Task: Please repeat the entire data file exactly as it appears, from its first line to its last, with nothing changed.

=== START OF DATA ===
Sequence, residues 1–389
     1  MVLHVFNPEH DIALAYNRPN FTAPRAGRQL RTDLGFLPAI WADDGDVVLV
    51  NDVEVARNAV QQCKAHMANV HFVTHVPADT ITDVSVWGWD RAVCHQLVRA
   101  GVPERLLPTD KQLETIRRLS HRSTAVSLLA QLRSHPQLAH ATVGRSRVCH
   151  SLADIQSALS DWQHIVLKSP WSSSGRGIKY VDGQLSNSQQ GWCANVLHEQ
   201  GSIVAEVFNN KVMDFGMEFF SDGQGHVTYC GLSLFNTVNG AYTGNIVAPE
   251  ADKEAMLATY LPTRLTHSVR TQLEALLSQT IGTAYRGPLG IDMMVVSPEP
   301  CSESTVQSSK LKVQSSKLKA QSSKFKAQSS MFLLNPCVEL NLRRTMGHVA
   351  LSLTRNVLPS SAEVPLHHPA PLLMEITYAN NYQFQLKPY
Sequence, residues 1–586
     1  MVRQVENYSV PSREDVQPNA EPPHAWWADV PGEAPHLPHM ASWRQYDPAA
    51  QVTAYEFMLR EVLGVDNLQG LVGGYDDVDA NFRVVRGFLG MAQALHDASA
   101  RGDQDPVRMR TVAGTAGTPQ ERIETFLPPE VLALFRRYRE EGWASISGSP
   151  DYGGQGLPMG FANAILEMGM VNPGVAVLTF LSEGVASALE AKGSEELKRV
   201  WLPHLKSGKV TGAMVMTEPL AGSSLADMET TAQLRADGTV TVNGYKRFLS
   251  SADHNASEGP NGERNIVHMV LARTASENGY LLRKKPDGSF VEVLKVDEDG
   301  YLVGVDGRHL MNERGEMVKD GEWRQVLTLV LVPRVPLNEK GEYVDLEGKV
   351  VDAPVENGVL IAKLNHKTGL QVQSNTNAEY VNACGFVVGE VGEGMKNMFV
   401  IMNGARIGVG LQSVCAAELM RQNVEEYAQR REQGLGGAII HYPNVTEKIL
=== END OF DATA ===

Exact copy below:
Sequence, residues 1–389
     1  MVLHVFNPEH DIALAYNRPN FTAPRAGRQL RTDLGFLPAI WADDGDVVLV
    51  NDVEVARNAV QQCKAHMANV HFVTHVPADT ITDVSVWGWD RAVCHQLVRA
   101  GVPERLLPTD KQLETIRRLS HRSTAVSLLA QLRSHPQLAH ATVGRSRVCH
   151  SLADIQSALS DWQHIVLKSP WSSSGRGIKY VDGQLSNSQQ GWCANVLHEQ
   201  GSIVAEVFNN KVMDFGMEFF SDGQGHVTYC GLSLFNTVNG AYTGNIVAPE
   251  ADKEAMLATY LPTRLTHSVR TQLEALLSQT IGTAYRGPLG IDMMVVSPEP
   301  CSESTVQSSK LKVQSSKLKA QSSKFKAQSS MFLLNPCVEL NLRRTMGHVA
   351  LSLTRNVLPS SAEVPLHHPA PLLMEITYAN NYQFQLKPY
Sequence, residues 1–586
     1  MVRQVENYSV PSREDVQPNA EPPHAWWADV PGEAPHLPHM ASWRQYDPAA
    51  QVTAYEFMLR EVLGVDNLQG LVGGYDDVDA NFRVVRGFLG MAQALHDASA
   101  RGDQDPVRMR TVAGTAGTPQ ERIETFLPPE VLALFRRYRE EGWASISGSP
   151  DYGGQGLPMG FANAILEMGM VNPGVAVLTF LSEGVASALE AKGSEELKRV
   201  WLPHLKSGKV TGAMVMTEPL AGSSLADMET TAQLRADGTV TVNGYKRFLS
   251  SADHNASEGP NGERNIVHMV LARTASENGY LLRKKPDGSF VEVLKVDEDG
   301  YLVGVDGRHL MNERGEMVKD GEWRQVLTLV LVPRVPLNEK GEYVDLEGKV
   351  VDAPVENGVL IAKLNHKTGL QVQSNTNAEY VNACGFVVGE VGEGMKNMFV
   401  IMNGARIGVG LQSVCAAELM RQNVEEYAQR REQGLGGAII HYPNVTEKIL